Following an incident involving a crowd gathering outside a uniform shop in Ang Mo Kio, the Ministry of Education (MOE) said on Tuesday (29 December) that students will be given more time in the first few weeks of January next year to purchase their school uniforms.
“MOE and schools understand the challenges faced by parents and vendors,” the Ministry told The Straits Times, noting that the schools will make arrangements for students who are unable to buy their uniforms in time before the school term starts.
In view of the COVID-19 pandemic, the MOE said the schools were advised to make adjustments to their year-end school activities to safeguard the health of the school community.
For example, the schools will be asked to work with vendors to allow parents to buy their children’s uniforms and books online as well as to provide home deliveries.
It also said that parents could be allowed to make appointments with vendor to buy uniforms in schools or at the vendors’ physical stores.
Not only this, the students who are unable to buy school uniforms in time are allowed to report in school in their physical education attire or primary school uniforms, said MOE.
“Schools, which reopen from next Monday, will work closely with their vendors to ensure that students can buy their uniforms as soon as possible, and facilitate the sale of uniforms in school,” The Straits Times reported MOE as saying.
The response from MOE came in the wake of the report by The Straits Times that crowds of parents were seen outside of Jeep Sing Fashion store to purchase school uniforms for their children.
Police were there to disperse the crowd, urging the parents to observe safe distancing by asking them to stand further apart or encouraging some parents to leave.
It was noted that parents have to take a queue number ticket prior to entering Jeep Sing Fashion store to buy the school uniforms.
Many parents and their children had even arrived two hours earlier before the store opened for a queue ticket.
However, some parents told reporters that even though they have waited in line for hours since morning, they also could not get the queue ticket and were told to return another day due to the size of the crowd.
Uniform supplier apologises for the delay in orders and long queue
In response to the large crowds, Jeep Sing Fashion said in its Facebook page on Tuesday that they apologised for the delay in terms of orders and queues.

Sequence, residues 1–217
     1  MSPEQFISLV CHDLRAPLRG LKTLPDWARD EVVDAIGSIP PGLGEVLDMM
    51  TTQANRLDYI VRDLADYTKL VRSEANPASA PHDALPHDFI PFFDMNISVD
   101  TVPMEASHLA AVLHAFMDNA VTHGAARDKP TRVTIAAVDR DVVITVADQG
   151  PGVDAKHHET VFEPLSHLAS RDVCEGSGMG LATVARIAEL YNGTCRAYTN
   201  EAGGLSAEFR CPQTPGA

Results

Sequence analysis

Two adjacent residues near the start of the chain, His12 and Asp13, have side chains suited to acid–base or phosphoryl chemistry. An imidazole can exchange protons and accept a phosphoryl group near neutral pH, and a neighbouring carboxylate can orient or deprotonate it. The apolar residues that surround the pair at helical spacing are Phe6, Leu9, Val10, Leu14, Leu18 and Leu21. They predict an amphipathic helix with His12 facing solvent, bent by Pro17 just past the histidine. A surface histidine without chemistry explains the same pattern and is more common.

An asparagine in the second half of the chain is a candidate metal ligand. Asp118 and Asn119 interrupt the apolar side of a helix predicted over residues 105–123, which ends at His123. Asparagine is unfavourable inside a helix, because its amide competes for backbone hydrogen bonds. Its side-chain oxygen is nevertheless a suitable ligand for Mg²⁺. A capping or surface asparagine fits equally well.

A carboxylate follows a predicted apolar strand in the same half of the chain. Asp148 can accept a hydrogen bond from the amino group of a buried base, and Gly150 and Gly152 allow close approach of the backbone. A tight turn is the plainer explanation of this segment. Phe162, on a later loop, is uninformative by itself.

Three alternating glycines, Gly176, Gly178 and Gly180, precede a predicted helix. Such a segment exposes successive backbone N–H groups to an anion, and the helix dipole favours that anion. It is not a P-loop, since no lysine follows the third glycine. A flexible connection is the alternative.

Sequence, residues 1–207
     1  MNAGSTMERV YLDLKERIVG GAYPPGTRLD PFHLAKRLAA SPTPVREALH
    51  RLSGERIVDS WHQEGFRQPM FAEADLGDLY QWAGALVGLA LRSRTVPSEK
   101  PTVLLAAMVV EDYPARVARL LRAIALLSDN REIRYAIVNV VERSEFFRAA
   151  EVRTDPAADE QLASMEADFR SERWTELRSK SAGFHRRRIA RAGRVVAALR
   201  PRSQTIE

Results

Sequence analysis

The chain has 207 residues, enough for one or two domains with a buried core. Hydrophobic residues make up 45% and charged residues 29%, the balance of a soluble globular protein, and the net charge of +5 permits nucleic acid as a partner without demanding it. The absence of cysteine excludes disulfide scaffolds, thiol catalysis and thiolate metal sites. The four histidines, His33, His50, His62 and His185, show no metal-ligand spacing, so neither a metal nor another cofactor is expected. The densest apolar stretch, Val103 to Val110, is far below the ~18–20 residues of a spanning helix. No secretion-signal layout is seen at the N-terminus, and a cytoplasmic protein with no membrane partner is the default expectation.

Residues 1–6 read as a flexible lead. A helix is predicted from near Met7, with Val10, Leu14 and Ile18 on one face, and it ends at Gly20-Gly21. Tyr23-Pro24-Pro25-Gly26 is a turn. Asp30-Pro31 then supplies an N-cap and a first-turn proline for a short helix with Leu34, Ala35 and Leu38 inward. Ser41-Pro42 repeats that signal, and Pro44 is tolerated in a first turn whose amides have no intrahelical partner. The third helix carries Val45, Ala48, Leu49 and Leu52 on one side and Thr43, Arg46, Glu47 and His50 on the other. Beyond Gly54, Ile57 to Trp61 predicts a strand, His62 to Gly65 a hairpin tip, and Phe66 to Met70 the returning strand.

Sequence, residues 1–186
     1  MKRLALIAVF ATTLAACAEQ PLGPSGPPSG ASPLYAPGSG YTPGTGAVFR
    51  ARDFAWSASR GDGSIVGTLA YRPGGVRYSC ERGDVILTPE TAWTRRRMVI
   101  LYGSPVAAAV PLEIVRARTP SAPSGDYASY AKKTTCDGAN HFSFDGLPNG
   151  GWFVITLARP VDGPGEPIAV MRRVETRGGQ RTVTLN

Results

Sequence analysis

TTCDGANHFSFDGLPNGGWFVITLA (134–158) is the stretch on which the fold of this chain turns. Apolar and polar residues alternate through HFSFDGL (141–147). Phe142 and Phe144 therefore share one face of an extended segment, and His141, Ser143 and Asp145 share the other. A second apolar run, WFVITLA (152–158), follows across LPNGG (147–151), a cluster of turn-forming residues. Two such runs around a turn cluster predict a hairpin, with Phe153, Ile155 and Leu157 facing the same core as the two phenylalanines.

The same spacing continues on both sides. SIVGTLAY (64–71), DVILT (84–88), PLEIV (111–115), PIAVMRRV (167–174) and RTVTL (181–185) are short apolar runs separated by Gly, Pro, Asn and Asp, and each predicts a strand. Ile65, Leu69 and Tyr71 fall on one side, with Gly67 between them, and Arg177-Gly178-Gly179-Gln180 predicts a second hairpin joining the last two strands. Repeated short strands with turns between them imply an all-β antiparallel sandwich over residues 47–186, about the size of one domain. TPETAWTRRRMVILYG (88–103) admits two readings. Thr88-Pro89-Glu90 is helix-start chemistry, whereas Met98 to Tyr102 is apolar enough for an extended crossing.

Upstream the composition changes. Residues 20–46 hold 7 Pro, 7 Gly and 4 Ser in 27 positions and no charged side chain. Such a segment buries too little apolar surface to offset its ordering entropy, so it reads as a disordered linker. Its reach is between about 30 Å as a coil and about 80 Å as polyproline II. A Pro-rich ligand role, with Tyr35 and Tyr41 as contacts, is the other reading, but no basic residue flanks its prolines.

It explained that they are “experiencing a massive surge in demand for our uniforms in terms of physical and e-commerce orders” due to COVID-19.
“We fully understand the frustration and urgency of getting the uniform quickly for your child.
“But, do rest assured that we are trying our utmost best to fulfil your orders as soon as possible and have liaised with the logistic company to swiftly process the delivery of your uniform items,” Jeep Sing Fashion wrote on its post.
Penning their comments on the Facebook page of The Straits Times, many netizens were vexed by the poor management and planning between MOE, schools and uniform suppliers, which led to the crowded situation in front of the uniform shop.
Many netizens complained that they have to make multiple trips to the uniform shop due to the poor management of the uniform supplier, such as insufficient stock, late delivery, or receiving wrong items or uniform size.
They hoped that the authorities can look into this issue, suggesting them to provide more supplier options as large orders are overwhelming for only one supplier to handle.
Some netizens questioned why only one vendor was available to supply the school uniform to one school, adding that the Government should “decentralise the school uniform purchase”.
Several netizens also pointed out that the MOE should properly coordinate and plan the release of results, time slot allocation and rules relating to the school uniforms and textbooks distribution.
To prevent crowds, a few netizens also suggested that the store should have floor markings as a guide for people to queue in an orderly manner.